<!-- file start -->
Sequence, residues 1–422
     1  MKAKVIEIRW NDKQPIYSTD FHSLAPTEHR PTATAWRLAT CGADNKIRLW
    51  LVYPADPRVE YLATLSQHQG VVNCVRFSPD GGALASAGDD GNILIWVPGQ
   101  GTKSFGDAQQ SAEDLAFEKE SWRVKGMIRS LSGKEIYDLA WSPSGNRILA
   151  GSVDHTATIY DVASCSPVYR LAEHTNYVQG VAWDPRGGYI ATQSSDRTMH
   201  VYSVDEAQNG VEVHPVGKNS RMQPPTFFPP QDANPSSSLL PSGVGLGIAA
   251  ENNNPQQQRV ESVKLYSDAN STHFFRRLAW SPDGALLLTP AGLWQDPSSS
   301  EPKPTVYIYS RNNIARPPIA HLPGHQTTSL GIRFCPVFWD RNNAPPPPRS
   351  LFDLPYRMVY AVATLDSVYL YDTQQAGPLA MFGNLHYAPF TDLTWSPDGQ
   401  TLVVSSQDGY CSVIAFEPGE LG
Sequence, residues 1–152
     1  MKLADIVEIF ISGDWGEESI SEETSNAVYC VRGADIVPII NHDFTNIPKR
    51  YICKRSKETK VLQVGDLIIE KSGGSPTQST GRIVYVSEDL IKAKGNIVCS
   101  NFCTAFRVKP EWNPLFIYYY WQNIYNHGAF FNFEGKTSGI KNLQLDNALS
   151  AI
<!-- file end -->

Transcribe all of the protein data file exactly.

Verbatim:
Sequence, residues 1–422
     1  MKAKVIEIRW NDKQPIYSTD FHSLAPTEHR PTATAWRLAT CGADNKIRLW
    51  LVYPADPRVE YLATLSQHQG VVNCVRFSPD GGALASAGDD GNILIWVPGQ
   101  GTKSFGDAQQ SAEDLAFEKE SWRVKGMIRS LSGKEIYDLA WSPSGNRILA
   151  GSVDHTATIY DVASCSPVYR LAEHTNYVQG VAWDPRGGYI ATQSSDRTMH
   201  VYSVDEAQNG VEVHPVGKNS RMQPPTFFPP QDANPSSSLL PSGVGLGIAA
   251  ENNNPQQQRV ESVKLYSDAN STHFFRRLAW SPDGALLLTP AGLWQDPSSS
   301  EPKPTVYIYS RNNIARPPIA HLPGHQTTSL GIRFCPVFWD RNNAPPPPRS
   351  LFDLPYRMVY AVATLDSVYL YDTQQAGPLA MFGNLHYAPF TDLTWSPDGQ
   401  TLVVSSQDGY CSVIAFEPGE LG
Sequence, residues 1–152
     1  MKLADIVEIF ISGDWGEESI SEETSNAVYC VRGADIVPII NHDFTNIPKR
    51  YICKRSKETK VLQVGDLIIE KSGGSPTQST GRIVYVSEDL IKAKGNIVCS
   101  NFCTAFRVKP EWNPLFIYYY WQNIYNHGAF FNFEGKTSGI KNLQLDNALS
   151  AI